DeutschClear Cookie - decide language by browser settings
Freier, Christoph (2016): Role of regulatory T cells and associated chemokines in human gynecological tumors. Dissertation, LMU München: Faculty of Medicine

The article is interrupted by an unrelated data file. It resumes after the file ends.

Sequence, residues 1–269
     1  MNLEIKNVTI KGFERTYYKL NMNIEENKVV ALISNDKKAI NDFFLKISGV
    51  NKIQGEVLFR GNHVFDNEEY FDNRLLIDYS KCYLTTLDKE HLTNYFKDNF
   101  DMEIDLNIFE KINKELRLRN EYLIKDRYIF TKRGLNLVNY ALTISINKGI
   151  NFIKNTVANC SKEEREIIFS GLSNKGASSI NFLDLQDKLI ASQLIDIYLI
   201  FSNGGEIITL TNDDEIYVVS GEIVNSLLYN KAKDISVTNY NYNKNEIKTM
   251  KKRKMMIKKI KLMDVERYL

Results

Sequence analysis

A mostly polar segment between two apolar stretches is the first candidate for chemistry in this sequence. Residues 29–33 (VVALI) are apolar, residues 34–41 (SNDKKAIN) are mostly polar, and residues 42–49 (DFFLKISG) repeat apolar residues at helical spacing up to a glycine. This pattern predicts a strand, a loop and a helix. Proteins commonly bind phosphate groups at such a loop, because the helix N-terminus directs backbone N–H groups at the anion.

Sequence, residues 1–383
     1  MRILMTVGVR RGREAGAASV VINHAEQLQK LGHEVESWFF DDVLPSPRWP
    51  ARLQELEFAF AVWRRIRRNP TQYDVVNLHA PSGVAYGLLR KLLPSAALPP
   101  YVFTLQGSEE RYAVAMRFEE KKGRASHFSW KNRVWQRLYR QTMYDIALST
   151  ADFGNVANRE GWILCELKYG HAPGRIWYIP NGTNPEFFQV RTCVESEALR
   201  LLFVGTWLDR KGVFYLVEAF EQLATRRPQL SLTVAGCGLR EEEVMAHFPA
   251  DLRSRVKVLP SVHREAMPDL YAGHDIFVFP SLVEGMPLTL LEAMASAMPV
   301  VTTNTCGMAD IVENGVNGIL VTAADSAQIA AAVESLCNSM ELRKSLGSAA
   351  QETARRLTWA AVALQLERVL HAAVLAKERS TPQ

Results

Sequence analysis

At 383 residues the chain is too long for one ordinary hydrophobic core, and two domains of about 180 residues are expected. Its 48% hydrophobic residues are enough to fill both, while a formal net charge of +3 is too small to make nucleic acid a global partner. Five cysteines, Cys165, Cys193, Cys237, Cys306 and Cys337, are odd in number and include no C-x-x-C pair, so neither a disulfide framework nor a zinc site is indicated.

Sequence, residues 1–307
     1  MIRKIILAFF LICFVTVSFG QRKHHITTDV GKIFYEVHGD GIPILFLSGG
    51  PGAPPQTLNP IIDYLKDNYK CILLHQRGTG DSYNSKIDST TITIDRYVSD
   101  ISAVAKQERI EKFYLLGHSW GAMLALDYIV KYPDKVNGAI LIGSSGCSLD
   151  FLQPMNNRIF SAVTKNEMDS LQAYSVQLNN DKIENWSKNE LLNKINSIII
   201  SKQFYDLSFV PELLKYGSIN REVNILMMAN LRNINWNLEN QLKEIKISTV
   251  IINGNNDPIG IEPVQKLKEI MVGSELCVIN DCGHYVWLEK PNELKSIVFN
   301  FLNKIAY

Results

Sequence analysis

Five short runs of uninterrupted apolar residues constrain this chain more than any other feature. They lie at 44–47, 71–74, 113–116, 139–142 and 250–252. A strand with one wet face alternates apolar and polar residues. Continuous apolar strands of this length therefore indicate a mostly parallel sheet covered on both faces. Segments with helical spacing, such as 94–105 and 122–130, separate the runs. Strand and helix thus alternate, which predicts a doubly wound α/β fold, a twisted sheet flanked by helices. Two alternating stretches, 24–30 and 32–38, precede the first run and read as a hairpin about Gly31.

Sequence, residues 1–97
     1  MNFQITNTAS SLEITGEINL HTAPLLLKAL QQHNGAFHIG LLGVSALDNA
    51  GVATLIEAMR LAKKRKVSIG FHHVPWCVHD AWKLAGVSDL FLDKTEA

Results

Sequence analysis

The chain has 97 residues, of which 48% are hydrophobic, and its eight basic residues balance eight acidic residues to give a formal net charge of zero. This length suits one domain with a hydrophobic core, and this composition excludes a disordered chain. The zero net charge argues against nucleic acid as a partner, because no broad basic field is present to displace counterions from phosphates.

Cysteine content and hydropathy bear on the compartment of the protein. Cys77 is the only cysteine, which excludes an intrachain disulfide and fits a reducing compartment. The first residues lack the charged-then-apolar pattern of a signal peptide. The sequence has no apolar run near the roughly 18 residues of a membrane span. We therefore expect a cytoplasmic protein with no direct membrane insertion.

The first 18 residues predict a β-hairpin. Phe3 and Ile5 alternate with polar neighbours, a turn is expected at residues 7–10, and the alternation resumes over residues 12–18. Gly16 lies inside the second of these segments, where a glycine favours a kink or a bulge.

Purpose: To assess the clinical significance of different Treg attracting chemokine intratumoral expressions in breast and ovarian cancer patients with available long-term follow-up (15 years). We investigated the prespecified hypothesis that the expression of Treg specific chemokines in cancer tissue predicts the OS. Patients and Methods: We screened all so far known chemokines of the CC-family for their capacity to selectively attract Treg in vitro. Three chemokines (CCL1, CCL22, and CCL27) with selective action on Treg migration were stained using extensively characterized antibodieAntibodys. The numbers of positive cells in tissue microarray cores from ovarian cancer and invasive breast cancer were computer-aided determined. Results: Within all analyzed chemokines, only CCL1, CCL22 and CCL27 selectively attracted Treg in vitro. All three chemokines were strongly expressed in most ovarian and breast cancer tissues. Moreover, there was a significant relationship between Treg infiltration in tumors and CCL1- and CCL27-expressing cell total numbers, whereas no association was seen for CCL22. High numbers of CCL1- or CCL27-positive cells identified patients with shorter OS. Conclusion: Our findings indicate that quantification of intratumoral Treg attracting chemokines in ovarian and breast cancer is valuable for assessing disease prognosis. Unlike conventional clinicopathologic factors, high expression of certain chemokines can identify patients at risk of death over 15 years. CCL1 and CCL27 represent novel markers for identifying effect of immune response and tumor escape as well as patients who may benefit from immunotherapy. Such chemokines may gain to be considered together and could represent important therapeutic targets.